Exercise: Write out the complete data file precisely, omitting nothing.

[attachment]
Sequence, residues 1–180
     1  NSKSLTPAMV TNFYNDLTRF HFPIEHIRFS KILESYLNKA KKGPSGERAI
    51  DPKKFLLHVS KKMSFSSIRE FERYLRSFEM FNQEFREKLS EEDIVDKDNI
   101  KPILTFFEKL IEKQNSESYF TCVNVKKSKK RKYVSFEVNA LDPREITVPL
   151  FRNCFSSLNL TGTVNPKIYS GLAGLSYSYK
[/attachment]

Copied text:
Sequence, residues 1–180
     1  NSKSLTPAMV TNFYNDLTRF HFPIEHIRFS KILESYLNKA KKGPSGERAI
    51  DPKKFLLHVS KKMSFSSIRE FERYLRSFEM FNQEFREKLS EEDIVDKDNI
   101  KPILTFFEKL IEKQNSESYF TCVNVKKSKK RKYVSFEVNA LDPREITVPL
   151  FRNCFSSLNL TGTVNPKIYS GLAGLSYSYK